Survival of metastatic gastric cancer: Significance of age, sex and race/ethnicity

Dongyun Yang, Andrew Hendifar, Cosima Lenz, Kayo Togawa, Felicitas Lenz, Georg Lurje, Alexandra Pohl, Thomas Winder, Yan Ning, Susan Groshen, Heinz-Josef Lenz


Background: Despite the success of modern chemotherapy in the treatment of large bowel cancers, patients with metastatic gastric cancer continue to have a dismal outcome. Identifying predictive and prognostic markers is an important step to improving current treatment approaches and extending survival.
Methods: Extracting data from the US NCI’s Surveillance, Epidemiology, and End Results (SEER) registries, we compared overall survival for patients with metastatic gastric cancer by gender, age, and ethnicity using Cox proportional hazards models. 13,840 patients (≥ 18 years) were identified from 1988-2004. Males and females were categorized by age grouping and ethnicity.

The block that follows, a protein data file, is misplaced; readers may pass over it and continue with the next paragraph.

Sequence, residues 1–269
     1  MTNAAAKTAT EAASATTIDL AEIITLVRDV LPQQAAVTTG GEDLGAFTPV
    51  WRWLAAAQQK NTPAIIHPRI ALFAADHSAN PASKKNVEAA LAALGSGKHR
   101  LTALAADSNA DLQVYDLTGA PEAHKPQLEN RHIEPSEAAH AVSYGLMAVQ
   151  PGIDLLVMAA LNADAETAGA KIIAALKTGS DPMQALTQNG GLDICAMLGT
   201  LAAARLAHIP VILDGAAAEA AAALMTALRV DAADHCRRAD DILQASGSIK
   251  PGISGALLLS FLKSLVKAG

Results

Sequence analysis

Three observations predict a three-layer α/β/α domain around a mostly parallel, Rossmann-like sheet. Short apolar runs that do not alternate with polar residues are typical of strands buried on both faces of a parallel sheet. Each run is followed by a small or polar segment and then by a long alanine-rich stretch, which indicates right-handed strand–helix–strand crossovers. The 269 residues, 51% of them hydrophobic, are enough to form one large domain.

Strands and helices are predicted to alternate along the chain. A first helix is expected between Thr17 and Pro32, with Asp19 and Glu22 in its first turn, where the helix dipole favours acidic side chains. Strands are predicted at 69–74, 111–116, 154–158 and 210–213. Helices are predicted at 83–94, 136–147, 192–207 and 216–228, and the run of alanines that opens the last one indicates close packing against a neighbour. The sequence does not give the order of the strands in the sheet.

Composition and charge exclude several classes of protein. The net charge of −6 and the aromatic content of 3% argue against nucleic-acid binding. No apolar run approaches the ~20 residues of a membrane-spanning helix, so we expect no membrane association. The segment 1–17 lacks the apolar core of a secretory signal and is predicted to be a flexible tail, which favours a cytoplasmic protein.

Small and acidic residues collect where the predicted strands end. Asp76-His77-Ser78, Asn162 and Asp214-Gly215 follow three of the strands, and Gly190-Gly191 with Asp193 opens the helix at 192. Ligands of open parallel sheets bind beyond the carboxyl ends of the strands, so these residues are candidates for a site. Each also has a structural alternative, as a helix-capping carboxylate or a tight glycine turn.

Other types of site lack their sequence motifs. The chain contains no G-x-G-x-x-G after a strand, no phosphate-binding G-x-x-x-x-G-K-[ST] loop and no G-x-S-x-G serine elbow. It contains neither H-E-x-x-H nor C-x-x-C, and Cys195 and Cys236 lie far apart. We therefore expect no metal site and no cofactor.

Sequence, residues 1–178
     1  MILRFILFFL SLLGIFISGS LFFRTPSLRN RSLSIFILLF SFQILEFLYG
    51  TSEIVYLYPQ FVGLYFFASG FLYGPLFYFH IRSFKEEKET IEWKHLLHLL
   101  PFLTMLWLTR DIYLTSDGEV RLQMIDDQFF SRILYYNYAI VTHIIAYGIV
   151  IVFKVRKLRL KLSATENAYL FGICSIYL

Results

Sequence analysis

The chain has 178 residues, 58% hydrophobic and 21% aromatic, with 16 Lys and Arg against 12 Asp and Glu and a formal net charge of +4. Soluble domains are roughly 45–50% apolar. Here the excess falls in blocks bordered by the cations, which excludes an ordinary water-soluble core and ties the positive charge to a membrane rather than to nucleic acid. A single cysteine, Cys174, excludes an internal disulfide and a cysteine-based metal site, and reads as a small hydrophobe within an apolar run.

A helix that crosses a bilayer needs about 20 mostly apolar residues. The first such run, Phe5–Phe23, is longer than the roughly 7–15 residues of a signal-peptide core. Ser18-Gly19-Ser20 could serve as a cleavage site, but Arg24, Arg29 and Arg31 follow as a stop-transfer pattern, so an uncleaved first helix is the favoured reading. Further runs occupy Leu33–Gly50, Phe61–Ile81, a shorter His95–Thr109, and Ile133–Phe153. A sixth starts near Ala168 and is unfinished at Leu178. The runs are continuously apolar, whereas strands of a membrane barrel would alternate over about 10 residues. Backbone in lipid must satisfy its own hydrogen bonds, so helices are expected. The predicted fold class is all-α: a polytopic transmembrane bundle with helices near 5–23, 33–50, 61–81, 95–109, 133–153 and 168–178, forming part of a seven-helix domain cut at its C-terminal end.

Results: 19% of Hispanic patients were diagnosed < 45 years of age as compared to 5.5% of Caucasians. Caucasian patients and men were more likely to be diagnosed with tumors in the gastric cardia (P<0.001). In our survival analysis, we found that women had a lower risk of dying as compared to men (P<0.001). Overall survival diminished with age (P<0.001). The median overall survival was 6 months in patients of ≤ 44 years old as compared to 3 months in patients 75 years and older. Gender differences in overall survival significantly varied by race and tumor grade/differentiation (P for interaction = 0.003 and 0.005, respectively).
Conclusion: This is the largest study of metastatic gastric cancer patients from the SEER registry to show that age, gender, and tumor location are significant independent prognostic factors for overall survival in patients with metastatic gastric cancer.